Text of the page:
Apologies for the semi-rant. Remind me to not do TWO talks in a week again O_o


seems to me the shared observations would always be optional and you’d still be able to do your own if you wanted. I don’t think anyone is proposing the ability of someone to remove someone else’s observations via linking them. Unless I am misunderstanding and i wouldn’t support that anyway. Who chooses who gets to ‘keep’ it? No, what i would want was the ability to do it optionally, and if so still have it show up in my daily count or at least my life list. otherwise i wouldn’t do it.


I got the sense that some people were against shared observations from what I’ve read in other threads, and that there should only be one “master” observation that everybody else just links to. I’m all for adding features, but taking them away… not a good idea!


This would be really useful. My wife, my daughter and I commonly observe the same things when travelling together (but we aren’t always travelling together - so we maintain separate accounts). It would be really useful to be able to share observations, rather than wasting time, repeatedly uploading the same info.

Also - if you were trying to work with these data, it wouldn’t make statistical sense to have one observation recorded multiple times. It might, however, be useful (add confidence that the record is accurate) if more than one person was noted as an observer.

Also - I can’t figure out how the voting thing works. I clicked on vote. Afterwards it said I voted, but I have no idea whether it recorded “yay” or “nay”.

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There is no “nay” vote, only a “yay” vote.

okay - interesting voting system.

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From another topic:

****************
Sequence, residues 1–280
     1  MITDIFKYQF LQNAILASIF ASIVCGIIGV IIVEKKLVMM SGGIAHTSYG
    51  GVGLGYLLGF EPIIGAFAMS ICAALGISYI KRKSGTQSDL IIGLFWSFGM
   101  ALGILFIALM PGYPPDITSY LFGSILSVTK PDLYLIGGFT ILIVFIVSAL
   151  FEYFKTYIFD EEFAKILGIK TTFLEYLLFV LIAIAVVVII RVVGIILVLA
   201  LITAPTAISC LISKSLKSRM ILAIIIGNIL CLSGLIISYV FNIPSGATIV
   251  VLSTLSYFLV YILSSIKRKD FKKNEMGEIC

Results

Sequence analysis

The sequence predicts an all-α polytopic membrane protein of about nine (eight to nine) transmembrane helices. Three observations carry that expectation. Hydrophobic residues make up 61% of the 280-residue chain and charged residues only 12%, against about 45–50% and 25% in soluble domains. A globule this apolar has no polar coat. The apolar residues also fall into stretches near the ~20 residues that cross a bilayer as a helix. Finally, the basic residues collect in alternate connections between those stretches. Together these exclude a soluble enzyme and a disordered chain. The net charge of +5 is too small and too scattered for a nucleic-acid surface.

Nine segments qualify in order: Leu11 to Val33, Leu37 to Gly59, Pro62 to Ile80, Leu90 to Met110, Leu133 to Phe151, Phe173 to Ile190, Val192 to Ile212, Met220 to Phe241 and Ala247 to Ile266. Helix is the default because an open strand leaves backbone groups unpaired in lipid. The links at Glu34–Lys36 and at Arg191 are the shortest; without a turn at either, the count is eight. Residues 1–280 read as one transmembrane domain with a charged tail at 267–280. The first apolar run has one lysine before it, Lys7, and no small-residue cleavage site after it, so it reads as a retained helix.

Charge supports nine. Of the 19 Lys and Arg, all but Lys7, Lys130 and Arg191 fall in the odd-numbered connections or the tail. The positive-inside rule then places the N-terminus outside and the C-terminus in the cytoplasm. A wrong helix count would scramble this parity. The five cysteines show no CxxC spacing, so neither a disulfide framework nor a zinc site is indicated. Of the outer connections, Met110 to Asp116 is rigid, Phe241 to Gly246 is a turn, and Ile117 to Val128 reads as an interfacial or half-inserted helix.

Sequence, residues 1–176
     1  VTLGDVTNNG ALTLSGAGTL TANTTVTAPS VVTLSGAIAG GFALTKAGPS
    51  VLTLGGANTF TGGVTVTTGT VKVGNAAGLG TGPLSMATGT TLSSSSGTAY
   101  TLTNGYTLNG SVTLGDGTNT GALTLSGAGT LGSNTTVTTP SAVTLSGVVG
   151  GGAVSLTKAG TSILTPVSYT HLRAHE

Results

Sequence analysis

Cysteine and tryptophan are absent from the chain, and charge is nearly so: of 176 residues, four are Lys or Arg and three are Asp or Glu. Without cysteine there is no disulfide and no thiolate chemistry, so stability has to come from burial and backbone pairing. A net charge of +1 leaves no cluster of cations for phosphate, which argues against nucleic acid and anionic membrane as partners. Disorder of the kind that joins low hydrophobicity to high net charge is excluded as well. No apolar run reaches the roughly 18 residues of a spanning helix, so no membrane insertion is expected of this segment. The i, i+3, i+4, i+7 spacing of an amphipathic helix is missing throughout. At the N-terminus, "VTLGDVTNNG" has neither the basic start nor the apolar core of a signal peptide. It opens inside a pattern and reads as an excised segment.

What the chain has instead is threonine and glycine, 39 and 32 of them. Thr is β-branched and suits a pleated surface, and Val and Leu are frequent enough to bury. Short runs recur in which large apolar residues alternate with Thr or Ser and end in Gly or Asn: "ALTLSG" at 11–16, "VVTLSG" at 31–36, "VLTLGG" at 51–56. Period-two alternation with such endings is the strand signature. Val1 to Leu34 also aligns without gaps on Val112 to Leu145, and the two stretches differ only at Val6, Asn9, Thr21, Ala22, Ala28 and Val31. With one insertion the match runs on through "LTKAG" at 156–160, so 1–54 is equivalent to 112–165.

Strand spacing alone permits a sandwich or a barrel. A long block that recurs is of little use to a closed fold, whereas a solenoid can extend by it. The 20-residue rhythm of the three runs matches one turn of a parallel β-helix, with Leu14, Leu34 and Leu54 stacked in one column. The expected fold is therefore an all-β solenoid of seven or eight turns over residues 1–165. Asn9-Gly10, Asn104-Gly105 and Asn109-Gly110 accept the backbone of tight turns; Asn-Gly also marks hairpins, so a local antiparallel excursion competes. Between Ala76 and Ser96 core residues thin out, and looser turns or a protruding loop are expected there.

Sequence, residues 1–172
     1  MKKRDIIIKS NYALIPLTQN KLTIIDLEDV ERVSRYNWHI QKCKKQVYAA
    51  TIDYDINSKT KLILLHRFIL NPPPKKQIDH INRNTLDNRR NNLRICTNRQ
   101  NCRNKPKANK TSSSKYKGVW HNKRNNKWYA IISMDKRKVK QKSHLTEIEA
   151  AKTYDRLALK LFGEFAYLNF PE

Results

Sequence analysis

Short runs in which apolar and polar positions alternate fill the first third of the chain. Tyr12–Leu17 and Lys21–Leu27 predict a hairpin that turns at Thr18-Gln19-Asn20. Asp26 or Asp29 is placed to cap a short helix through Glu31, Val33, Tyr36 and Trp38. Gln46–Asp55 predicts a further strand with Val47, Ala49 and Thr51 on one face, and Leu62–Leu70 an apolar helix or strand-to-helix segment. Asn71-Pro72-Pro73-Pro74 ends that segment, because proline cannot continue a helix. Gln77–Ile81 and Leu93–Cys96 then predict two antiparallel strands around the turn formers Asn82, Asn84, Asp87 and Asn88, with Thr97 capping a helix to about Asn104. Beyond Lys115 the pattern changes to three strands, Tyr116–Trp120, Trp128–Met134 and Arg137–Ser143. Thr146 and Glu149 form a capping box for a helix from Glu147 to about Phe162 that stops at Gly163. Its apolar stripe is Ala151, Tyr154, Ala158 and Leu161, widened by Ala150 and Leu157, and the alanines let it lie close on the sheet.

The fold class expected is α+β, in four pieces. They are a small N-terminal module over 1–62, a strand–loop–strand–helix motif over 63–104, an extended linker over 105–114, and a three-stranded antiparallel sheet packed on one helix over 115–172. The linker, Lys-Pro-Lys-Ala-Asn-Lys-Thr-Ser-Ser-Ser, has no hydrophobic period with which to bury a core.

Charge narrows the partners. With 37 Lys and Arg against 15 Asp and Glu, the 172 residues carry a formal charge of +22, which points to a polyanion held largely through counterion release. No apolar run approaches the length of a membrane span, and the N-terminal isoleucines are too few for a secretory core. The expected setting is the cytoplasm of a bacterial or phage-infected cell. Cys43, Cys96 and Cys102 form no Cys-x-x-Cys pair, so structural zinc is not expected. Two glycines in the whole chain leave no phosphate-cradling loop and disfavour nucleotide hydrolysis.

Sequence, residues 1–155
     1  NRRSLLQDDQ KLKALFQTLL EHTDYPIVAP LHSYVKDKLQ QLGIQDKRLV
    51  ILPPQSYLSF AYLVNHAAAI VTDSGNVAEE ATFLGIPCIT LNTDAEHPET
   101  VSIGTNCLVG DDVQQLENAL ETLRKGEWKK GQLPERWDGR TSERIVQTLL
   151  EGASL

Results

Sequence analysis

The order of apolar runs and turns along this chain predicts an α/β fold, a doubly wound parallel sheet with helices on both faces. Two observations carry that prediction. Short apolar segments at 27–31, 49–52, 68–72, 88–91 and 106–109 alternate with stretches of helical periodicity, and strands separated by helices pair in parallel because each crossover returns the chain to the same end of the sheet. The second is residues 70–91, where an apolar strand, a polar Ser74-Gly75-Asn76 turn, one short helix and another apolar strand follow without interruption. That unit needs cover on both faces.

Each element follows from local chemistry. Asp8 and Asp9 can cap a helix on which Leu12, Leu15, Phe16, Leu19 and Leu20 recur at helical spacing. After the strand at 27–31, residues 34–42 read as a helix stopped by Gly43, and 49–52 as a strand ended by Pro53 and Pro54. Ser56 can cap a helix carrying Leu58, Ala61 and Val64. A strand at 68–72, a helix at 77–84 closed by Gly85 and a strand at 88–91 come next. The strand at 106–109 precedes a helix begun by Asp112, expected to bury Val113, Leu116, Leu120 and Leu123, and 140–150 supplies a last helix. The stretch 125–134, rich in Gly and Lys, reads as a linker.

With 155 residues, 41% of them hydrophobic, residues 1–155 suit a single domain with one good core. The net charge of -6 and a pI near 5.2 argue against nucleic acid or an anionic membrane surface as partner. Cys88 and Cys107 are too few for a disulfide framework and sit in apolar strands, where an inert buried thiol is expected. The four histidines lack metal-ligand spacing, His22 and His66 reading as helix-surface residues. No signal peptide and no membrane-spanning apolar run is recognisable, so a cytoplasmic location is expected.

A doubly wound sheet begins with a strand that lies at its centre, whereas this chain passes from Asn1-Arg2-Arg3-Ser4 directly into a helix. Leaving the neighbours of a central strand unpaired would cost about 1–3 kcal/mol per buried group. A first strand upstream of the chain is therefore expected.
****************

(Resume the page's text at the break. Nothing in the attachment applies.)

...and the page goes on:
I don’t remember reading that. Is that the case?

I know for sure I read it, because it disappointed me to see it, I just can’t find the topic. I’m wondering now if i saw it in a flag on the site rather than the forum though.

The lack of a shared observation feature has really been one of the major things that has kept me from using iNaturalist more, especially as an avid eBird user. Coming from that platform, the inability to share iNat observations feels really clunky. My wife and I often end up dividing up the photography of various species that we see in the field together and as it stands there is no way for one of us to submit our observations and then share to the other. I think eBird has clearly demonstrated both a model for implementing this and a strong desire on the part of the community to use such a feature! Would make iNat SO much more valuable to users as a way to track what they have seen. Having observations flagged as shared in the database would also greatly help researchers using data output, as previously mentioned.


It is allowable to put up the same photos on each of your accounts. iNat is about encouraging people to observe and value the wildlife they encounter, to share and converse about that wildlife, and build community around those values. The collection of data for science is a secondary (though highly important) goal. The iNat “method” doesn’t capture absence or quantity very well, but it doesn’t need to! Users of “big data” can do impressive things to factor in most of these types of inadequacies in the datasets, especially when you start comparing one dataset like iNat to another like eBird. Smaller but extremely robust surveys in sample areas can then be used to determine how such precise measurement correlates to the imprecise pictures that the big data might present. At the very least, patterns shown in the big data might give valuable insight into where more detailed investigation is warranted.

In other words, your use case would fit the iNat guidelines even if you were doubling up on the observations between your wife and yourself.

It’s not strictly what is at play here, but the following video on “wisdom of the crowd” kind of illustrates “big data” analysis effects:

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Why can’t you vote? I just joined a few days ago and I can vote.

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That comment was from February last year. Recently a change was made to allow a much higher number of votes.


Thank you for answering!


This would be so incredibly useful! I’ve been taking out younger relatives with me to get observations and I am the only one with a “real” camera while they use phone cams. It would be great to be able to tag them on observations so they get to add the species I could get with my telephoto lens without having to upload the same observation multiple times.